Each year, the Citizens Against Government Waste publishes their annual Pig Book. It identifies particularly egregious examples of money wasted by the Federal government. In 2002, CAGW teamed with the Goldwater Institute to produce the 2002 Arizona Piglet Book.
Eight years ago, the authors recognized that Arizona’s budget was a train wreck looking for a place to happen. Among the waste they identified was the then $4.5 million dollar budget for the Arizona Historical Society. Their explanation was as follows:
This program is a membership-supported, nonprofit state trust agency that gives money to preserve and maintain museums pertaining to the history of Arizona. This program can proceed without support from government, and a nonprofit foundation could accomplish the same task and collect the same dues from its members without a commitment by the state government.
So what did Governor Brewer do in 2010 as the cars from the long predicted train wreck began piling up? Why she INCREASED the Arizona Historical Budget by over 50%. Why did she do that? She wanted to Arizona Historical society to build yet another history museum. That was to be her pet project, the 5C Arizona Centennial Museum.
Prior posts on this blog explain how, as part of that plan, she pushed through a bill that transferred the Arizonan Mining and Mineral Museum to the Arizona Historical Society. They also explain the many serious problems associated with that very unfortunate bill.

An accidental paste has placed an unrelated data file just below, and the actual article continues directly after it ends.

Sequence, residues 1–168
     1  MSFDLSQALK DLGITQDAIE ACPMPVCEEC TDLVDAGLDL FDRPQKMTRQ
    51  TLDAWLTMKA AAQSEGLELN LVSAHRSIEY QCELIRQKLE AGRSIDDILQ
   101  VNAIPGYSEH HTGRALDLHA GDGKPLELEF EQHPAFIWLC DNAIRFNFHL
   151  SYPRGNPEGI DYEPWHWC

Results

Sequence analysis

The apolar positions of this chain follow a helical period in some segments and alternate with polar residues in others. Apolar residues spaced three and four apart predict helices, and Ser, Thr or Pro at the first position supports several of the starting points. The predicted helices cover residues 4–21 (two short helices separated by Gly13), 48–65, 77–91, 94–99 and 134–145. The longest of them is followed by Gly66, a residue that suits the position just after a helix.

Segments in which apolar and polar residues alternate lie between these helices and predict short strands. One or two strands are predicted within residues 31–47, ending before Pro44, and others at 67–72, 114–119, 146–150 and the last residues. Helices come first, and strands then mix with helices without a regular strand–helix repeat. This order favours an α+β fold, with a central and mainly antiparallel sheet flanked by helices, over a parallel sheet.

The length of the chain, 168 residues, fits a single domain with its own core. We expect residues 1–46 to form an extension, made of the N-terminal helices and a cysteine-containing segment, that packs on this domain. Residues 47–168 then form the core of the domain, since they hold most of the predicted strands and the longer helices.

The Goldwater Institute also recommended eliminating the $800,000 budget for the Arizona Department of Mines and Mineral Resources (former home of the mineral museum). Their comments on the department were as follows:
This non-regulatory agency provides technical assistance to mining companies at taxpayer expense and runs the Mining and Mineral Museum. The technical and economic development assistance provided by state government to miners amounts to corporate welfare. That function, which subsidizes a remarkably small portion of the state economy, should be funded by voluntary fees or eliminated. The museum could be privatized and run by a nonprofit foundation.
Rather than implementing the above recommendations, the Governor transferred over a half million dollars from the Department of Mines and Mineral Resources to the Arizona Historical Society. Then, she added even more money to inflate the historical society budget to its current level.
Note 1: A February statement from the Governors office says that money will be added to the historical society budget “as necessary” to enable it to operate the 5C Arizona Centennial Museum.
Note 2: This blog is not promoting restoration of the Department and Mines and Mineral Resources budget. It is promoting repeal of the bill that transferred Arizona’s irreplaceable mineral collection to an organization without the training to properly care for it.